The TomTom Start 55 TM ($159.95 direct) is a low-end standalone GPS device with a mission. It exists to convince you that it’s still worth buying, in an age of free smartphone GPS apps, and an oversaturated market where most people who want a standalone device already have one. To this end the Start 55 M makes a fairly compelling case, with an oversize 5-inch display, 3D lane guidance, and free lifetime map updates. It also sports an array of features that were commonplace on $300 devices just a few years ago. It’s a decent buy for anyone with a flip phone without GPS, but its so-so accuracy gives us pause. Plus, better options are available if you’re willing to spend a little more.
Design and Screen
The TomTom Start 55 TM measures 5.2 by 3.5 by 0.9 inches (HWD) and weighs 8.9 ounces. The company’s trademark EasyPort Mount stays attached to the device, and folds up with it in case you want to take the Start 55 TM out of the car. It adds about two ounces of weight compared with a device that separates the two, but it’s still pretty convenient, and you can also pop the mount off if you want to.
The 5-inch display features 480-by-272-pixel resolution—low-end, but expected on a device at this price—and a widescreen 16:9 aspect ratio. It’s a plastic resistive screen, with relatively poor contrast, though, and it washes out a bit in direct sunlight.
TomTom preloads maps for the United States and Canada. A crowdsourced Map Share feature crowd sources changes on roads, such as new speed limits or construction sites, and lets you update the device on a daily basis using the included USB cable. That’s probably too much work for most people, but the option is there. You also get official lifetime map updates four times per year, plus lifetime real-time traffic reports.
Once on the road, the main 3D map interface is typical of TomTom devices, which is to say informative and well-organized. There’s plenty of relevant trip data along the bottom of the screen, with oversized numerals and a new, pop-up speed limit sign that’s easier to read than before. If you’ve got an older TomTom device, this one offers slightly better graphics and more readable trip information along the bottom.
Unfortunately, actual performance wasn’t up to snuff, even for a budget device. The main issue: GPS lock. After setting a destination and pulling out of a parking garage in Manhattan, it took the Start 55 TM six full minutes to figure out where it was; up until then, it just said “waiting for a valid GPS signal.” It did better once the car was parked out in the street, but it was never fast. Map animations are also sluggish, on the order of just over one frame per second, which gives away the Start 55 TM’s older, low-cost processor.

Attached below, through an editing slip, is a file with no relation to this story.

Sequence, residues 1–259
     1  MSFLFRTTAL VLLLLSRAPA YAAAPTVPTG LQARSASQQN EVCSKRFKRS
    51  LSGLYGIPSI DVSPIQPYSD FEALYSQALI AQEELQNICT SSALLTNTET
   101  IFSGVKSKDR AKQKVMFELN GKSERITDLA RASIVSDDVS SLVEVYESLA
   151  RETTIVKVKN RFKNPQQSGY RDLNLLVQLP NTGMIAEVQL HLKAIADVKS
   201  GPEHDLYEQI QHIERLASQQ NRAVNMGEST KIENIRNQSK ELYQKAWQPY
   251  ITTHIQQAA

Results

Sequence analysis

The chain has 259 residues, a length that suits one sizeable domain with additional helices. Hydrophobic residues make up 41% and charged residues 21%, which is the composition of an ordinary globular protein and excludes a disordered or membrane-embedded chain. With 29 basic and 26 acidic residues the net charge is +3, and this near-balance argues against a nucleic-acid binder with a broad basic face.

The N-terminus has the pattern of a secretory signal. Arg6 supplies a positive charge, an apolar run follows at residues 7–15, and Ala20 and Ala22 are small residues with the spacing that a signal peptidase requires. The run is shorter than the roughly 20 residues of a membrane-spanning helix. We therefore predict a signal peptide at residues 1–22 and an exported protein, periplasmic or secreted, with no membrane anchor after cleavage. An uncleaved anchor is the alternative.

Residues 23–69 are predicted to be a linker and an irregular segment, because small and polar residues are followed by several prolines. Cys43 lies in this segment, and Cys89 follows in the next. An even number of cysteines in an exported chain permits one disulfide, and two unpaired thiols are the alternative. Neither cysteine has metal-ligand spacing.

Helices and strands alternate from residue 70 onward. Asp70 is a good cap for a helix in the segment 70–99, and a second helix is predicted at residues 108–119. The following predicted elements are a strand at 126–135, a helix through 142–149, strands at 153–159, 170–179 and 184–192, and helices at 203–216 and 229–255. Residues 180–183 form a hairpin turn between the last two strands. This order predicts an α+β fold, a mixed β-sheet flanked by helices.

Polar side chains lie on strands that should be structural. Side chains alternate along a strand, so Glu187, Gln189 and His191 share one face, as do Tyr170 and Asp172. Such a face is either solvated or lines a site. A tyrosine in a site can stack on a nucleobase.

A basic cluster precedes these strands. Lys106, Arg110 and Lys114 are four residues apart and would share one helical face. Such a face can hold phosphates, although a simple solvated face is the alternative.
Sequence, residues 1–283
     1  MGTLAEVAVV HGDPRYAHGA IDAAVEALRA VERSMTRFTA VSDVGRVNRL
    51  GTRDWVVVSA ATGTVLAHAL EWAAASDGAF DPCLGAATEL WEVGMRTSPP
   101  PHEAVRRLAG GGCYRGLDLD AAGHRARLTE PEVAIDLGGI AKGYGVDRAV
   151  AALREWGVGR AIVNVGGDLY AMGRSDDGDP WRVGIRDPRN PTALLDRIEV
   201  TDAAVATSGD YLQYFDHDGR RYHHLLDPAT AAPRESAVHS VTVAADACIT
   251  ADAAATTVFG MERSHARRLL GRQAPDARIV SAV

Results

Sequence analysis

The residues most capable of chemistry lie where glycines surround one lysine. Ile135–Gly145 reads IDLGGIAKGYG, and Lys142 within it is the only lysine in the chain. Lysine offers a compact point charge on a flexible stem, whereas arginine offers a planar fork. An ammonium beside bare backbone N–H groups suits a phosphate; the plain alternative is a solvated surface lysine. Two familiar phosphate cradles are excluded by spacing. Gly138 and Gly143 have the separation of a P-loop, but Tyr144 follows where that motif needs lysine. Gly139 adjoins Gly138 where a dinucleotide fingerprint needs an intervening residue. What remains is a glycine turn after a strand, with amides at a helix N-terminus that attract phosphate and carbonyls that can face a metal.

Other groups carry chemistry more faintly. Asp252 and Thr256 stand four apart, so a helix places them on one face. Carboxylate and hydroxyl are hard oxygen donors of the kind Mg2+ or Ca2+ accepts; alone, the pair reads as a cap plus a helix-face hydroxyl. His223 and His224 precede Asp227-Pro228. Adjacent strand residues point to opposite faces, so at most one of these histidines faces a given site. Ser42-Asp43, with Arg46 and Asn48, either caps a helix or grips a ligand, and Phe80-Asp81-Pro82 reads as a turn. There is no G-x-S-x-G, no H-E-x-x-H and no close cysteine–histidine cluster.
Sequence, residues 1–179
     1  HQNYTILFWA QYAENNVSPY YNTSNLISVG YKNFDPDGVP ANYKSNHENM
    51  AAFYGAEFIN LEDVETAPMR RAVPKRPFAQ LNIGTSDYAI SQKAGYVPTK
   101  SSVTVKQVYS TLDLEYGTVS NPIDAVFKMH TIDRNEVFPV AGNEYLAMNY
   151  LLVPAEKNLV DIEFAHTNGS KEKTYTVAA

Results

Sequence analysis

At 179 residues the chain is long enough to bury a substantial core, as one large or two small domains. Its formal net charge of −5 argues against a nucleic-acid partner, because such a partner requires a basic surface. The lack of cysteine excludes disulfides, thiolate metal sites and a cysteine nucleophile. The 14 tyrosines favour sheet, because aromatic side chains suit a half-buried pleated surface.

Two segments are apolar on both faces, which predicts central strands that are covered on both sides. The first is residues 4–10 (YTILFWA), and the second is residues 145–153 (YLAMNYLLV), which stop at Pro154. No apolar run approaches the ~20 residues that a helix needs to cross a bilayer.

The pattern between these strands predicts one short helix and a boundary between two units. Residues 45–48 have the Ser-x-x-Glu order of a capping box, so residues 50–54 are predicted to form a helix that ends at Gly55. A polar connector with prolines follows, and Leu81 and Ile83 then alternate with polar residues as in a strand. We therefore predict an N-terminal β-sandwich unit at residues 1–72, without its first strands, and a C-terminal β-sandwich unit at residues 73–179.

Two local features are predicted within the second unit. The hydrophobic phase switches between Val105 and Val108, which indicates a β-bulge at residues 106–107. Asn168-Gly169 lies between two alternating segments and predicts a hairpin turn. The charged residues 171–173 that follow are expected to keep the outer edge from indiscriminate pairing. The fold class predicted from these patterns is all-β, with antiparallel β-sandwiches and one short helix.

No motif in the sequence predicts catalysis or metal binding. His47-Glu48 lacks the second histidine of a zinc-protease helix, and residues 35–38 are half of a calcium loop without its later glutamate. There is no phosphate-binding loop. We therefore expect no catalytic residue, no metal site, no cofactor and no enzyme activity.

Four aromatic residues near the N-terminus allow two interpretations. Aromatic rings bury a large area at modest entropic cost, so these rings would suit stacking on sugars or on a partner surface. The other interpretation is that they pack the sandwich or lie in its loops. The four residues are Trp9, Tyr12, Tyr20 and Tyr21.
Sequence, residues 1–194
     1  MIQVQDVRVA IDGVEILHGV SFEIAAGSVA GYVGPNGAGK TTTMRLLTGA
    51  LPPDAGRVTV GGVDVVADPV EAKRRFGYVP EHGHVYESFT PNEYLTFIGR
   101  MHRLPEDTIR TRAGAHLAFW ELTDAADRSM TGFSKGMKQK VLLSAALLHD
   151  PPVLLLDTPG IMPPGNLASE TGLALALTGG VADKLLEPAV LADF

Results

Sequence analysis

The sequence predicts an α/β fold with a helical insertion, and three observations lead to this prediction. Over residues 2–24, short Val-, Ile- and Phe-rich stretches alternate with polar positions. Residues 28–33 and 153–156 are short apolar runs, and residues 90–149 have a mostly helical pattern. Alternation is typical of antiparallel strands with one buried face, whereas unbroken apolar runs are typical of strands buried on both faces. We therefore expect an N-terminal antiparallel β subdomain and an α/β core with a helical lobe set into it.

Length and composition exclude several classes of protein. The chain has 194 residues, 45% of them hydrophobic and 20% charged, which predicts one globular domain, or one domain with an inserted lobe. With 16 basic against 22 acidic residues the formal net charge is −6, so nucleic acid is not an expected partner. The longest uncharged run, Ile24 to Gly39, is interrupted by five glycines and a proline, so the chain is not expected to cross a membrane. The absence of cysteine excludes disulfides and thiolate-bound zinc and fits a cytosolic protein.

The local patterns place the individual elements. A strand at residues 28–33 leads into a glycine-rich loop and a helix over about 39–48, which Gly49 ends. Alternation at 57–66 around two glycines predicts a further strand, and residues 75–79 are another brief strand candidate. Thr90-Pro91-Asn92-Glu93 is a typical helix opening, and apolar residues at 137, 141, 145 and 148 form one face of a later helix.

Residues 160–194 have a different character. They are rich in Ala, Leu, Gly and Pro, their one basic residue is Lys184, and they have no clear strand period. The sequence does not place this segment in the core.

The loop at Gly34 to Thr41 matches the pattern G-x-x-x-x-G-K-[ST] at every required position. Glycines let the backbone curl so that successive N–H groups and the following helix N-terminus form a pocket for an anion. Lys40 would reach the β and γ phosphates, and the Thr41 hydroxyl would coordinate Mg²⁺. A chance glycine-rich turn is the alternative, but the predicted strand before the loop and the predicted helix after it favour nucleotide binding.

Routing was accurate as usual, but even here, I found it easy to trip up the Start 55 TM. To cite one example, it wanted me to drive two blocks around in Manhattan gridlock to enter the lower level of the Queensboro bridge, even though I was right in front of the entrance ramp to the upper level, and even though both levels would take me to the same place in Queens just as easily.
Other Features and Conclusions
Some features are unexpected and welcome on a budget device. One interesting addition is 24/7 Roadside Assistance, which is a nice thing to have if your car doesn’t already come with it (it’s the Basic plan on TomTom’s site). The Start 55 TM also popped up red light camera alerts while I drove up Third Avenue in Manhattan.
Real-time traffic reporting is the basic kind, which means it has to be a major accident or congestion on a major highway for it to tell you about it. I spent over half an hour in Manhattan gridlock with not so much as a peep from the 55 TM; all it did was adjust my ETA later and later, until a 12 minute trip became 40 minutes. TomTom’s higher-end devices and GPS app offer optional access to HD traffic, which updates every two minutes and is considerably more accurate, but not this one.
Searching for addresses and POIs is easy to figure out, but not quite as useful as it could be. For one, the type-ahead feature was slow in my tests; it took several seconds after each letter finger press for the device to figure out potential completions for the street address. POI category organization remains a problem for TomTom; the overly broad “Shopping” section contains just about every errand destination you’d run on a regular basis, making it difficult to find nearby stores without running manual searches.
In the end, no matter how many times pundits declare standalone GPS devices “dead,” plenty of people still prefer having a separate unit on the windshield dedicated to this single purpose. That said, I’d rather steer you toward something just a bit more expensive that works better—especially considering there are plenty of deals to be had with higher-end units around the Web. A good option would be TomTom’s own VIA 1605TM, which delivers smoother performance and more accurate location finding, as well as a larger 6-inch display. Otherwise, looking for a bargain on a last-generation GPS might be your best bet, as you can get a better deal on a higher-end model from a few years ago, such as the Magellan RoadMate 5045-LM—a 4 star $250 GPS from late 2010 that is selling for around $100 at the time of this writing.
|3D Lane Assistance||Yes|
|Display Type||Resistive Touch|
|Screen Resolution||480 x 272 pixels|
|Dimensions||5.2 x 3.5 x 0.9 inches|
|Multi Segment Routing||No|
|Speed Limit Display||Yes|
|Free Lifetime Maps||Yes|
|Bluetooth Hands-Free Calling||No|
|Free Lifetime Traffic||Yes|
|Power to Device||Yes|
|Power to Mount||No|
|Display Size||5 inches|
Copyright © 2012 Ziff Davis, Inc